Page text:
Water Fast: Day Three, Evening Update

It’s 9:33 PM on the third day of my water fast. It has been just over 75 hours since my last meal. Here’s an update:

I’m finding the fast to be very difficult. I don’t yet understand why some people say that they enjoy fasting. There is some intermittent nausea, and I am exhausted. Also, my hip joints have been a little sore all day, but it is a different kind of feeling than the arthritis and not in the same places.

But, like I mentioned in this morning’s update, I would prefer this discomfort to taking chemotherapy medication every week.

Psoriasis Improvement

The plaques on my torso are much improved on the third day. The improvement is remarkable. This is what I expected, because I saw an improvement with the skin psoriasis on the third day of the last water fast.

Also, there is little to no pain from the psoriatic arthritis today. There was pain yesterday and previously. This kind of improvement also happened by the third day of the last water fast.

Seborrheic Dermatitis Improvement

I also have seborrheic dermatitis in certain places on my head, and that has also improved quite a bit. I wouldn’t be surprised if it disappeared with continued fasting.

Regarding seborrheic dermatitis, I have found a treatment for that that works without fail every time. It took me 10 years of research to figure it out, but I’m quite certain that I have an answer to that problem. I need an extra $5,000-$10,000 to complete my research and describe the mechanism, which I hope to do by next year.

If you are skeptical, please hold your skepticism until you see my amazing before and after photos that start with very severe seborrheic dermatitis and showing complete remission of the condition within days, time after time. It is my success with seborrheic dermatitis that has given me the confidence to attempt to find some answers about psoriasis and psoriatic arthritis with this website.

If the fasting also works to clear seborrheic dermatitis, I would be very excited, because fasting is free.

Low Soap, No Shampoo, and the Hygiene Hypothesis

I also want to mention that I have not used shampoo in about a month. I do not use any soap on my skin psoriasis.

If you haven’t heard about the hygiene hypothesis, please take a quick look at the Wikipedia article.

Basically, the idea is that many health conditions may be triggered by our overly sterile environments in modern times. “Germs” may not necessarily be a bad thing in all cases. For example, children who grow up in houses with dishwashers (which sterilize dishes more than handwashing), appears to significantly increase the rate of allergies in those children.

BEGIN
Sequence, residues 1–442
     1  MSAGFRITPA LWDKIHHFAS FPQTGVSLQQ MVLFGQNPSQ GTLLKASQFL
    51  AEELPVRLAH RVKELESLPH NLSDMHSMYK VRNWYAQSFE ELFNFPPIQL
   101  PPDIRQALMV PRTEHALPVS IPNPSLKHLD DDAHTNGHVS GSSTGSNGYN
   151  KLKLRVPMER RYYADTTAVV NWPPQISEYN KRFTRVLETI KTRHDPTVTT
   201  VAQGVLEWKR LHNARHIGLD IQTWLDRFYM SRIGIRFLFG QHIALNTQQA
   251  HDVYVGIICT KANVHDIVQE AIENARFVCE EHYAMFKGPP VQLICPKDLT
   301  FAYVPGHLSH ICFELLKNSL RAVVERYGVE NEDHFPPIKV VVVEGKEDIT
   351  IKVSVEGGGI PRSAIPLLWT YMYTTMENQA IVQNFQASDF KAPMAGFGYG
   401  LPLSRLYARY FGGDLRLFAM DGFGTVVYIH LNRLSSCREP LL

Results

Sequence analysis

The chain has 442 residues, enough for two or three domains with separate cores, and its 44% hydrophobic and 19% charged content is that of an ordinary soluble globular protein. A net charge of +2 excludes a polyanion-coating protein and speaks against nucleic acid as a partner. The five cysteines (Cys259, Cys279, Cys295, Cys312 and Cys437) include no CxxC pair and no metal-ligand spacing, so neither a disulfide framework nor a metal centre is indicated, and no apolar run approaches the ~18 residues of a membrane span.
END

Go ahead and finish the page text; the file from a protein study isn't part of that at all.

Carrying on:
I think that this idea will be shown to be correct. I am making sure that my environment is clean, but not overly sterile.

For the first week or two of not using shampoo, hair may become greasy, but after some time it will normalize and be similar to shampooed hair. A kid felt my hair and described it as being like “a silky chestnut” —¬† the chestnut aspect probably referring to my brown and gray hair. It is not greasy or dirty at all.

I do recommend throwing out shampoo and never using it again. Just scrub your hair well with your fingers every day in lukewarm water, and wait a few weeks.

As far as soap, the idea is that you can use soap on “pits and bits”, but the rest of your body can be cleaned by taking a shower every day and scrubbing yourself with a wet rag in the shower. Soap does not touch my skin psoriasis ever.

I think that it is worthwhile to do some research on the low soap, no shampoo movement, and give it a try — even if for no other reason than to save money. You are still very clean with these methods, but not overly sterile.

Interesting Research

I haven’t been feeling well today, and have spent most of it on the couch reading or sleeping. I found a few interesting articles on blogs and via new Twitter friends.

Calorie Restriction and Aging

One of the ideas that I came across was written about by an evolutionary biologist named Josh Mitteldorf. He seems to be proposing that calorie restriction prolongs life, because in times of abundant food, overeating shortens life, thus controlling the population.

…natural selection has created an adaptive aging clock, which further enhances the stabilizing effect. When there is a famine and many animals are dying of starvation, the death rate from old age is down, because of the Caloric Restriction effect. In times of famine and other environmental stress, the death rate from aging actually takes a vacation, because animals become hardier and age more slowly.

Without aging, it is difficult for nature to put together a stable ecosystem. Populations are either rising exponentially or collapsing to zero. With aging, it becomes possible to balance birth and death rates, and population growth and subsequent crashes are tamed sufficiently that ecosystems may persist. This is the evolutionary meaning of aging: Aging is a group-selected adaptation for the purpose of damping the wild swings in death rate to which natural populations are prone. Aging helps to make possible stable ecosystems.

(The quotes above may not be from the article I read earlier. I have a memory of reading that he specifically stated that conclusion, but I may have only read the post above and could be reading more things into it.)

These are links that were sent to me on Twitter, though I haven’t read/watched them yet:

It’s time for bed, but I will post an update tomorrow morning. I have fasted for five days before, but with juice. This will be the longest that I have fasted with only water.

 Condition Updates  , ,